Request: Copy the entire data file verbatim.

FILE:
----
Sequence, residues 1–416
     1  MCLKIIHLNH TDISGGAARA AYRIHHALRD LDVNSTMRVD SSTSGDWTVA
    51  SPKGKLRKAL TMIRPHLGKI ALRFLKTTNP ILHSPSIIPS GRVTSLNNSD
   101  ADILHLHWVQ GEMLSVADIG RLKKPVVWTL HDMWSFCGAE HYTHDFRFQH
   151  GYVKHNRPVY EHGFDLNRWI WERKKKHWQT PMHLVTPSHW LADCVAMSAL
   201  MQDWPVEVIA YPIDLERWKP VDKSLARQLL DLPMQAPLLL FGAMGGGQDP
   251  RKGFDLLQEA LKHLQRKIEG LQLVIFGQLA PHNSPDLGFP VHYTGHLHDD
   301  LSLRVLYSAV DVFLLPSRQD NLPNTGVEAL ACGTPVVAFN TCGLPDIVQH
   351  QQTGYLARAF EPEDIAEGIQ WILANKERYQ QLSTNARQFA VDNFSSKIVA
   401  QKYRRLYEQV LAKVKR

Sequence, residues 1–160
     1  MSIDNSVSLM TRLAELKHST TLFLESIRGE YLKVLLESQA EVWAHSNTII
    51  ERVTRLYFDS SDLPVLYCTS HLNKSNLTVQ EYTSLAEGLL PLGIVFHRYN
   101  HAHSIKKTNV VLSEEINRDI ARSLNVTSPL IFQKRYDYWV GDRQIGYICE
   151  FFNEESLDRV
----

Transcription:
Sequence, residues 1–416
     1  MCLKIIHLNH TDISGGAARA AYRIHHALRD LDVNSTMRVD SSTSGDWTVA
    51  SPKGKLRKAL TMIRPHLGKI ALRFLKTTNP ILHSPSIIPS GRVTSLNNSD
   101  ADILHLHWVQ GEMLSVADIG RLKKPVVWTL HDMWSFCGAE HYTHDFRFQH
   151  GYVKHNRPVY EHGFDLNRWI WERKKKHWQT PMHLVTPSHW LADCVAMSAL
   201  MQDWPVEVIA YPIDLERWKP VDKSLARQLL DLPMQAPLLL FGAMGGGQDP
   251  RKGFDLLQEA LKHLQRKIEG LQLVIFGQLA PHNSPDLGFP VHYTGHLHDD
   301  LSLRVLYSAV DVFLLPSRQD NLPNTGVEAL ACGTPVVAFN TCGLPDIVQH
   351  QQTGYLARAF EPEDIAEGIQ WILANKERYQ QLSTNARQFA VDNFSSKIVA
   401  QKYRRLYEQV LAKVKR

Sequence, residues 1–160
     1  MSIDNSVSLM TRLAELKHST TLFLESIRGE YLKVLLESQA EVWAHSNTII
    51  ERVTRLYFDS SDLPVLYCTS HLNKSNLTVQ EYTSLAEGLL PLGIVFHRYN
   101  HAHSIKKTNV VLSEEINRDI ARSLNVTSPL IFQKRYDYWV GDRQIGYICE
   151  FFNEESLDRV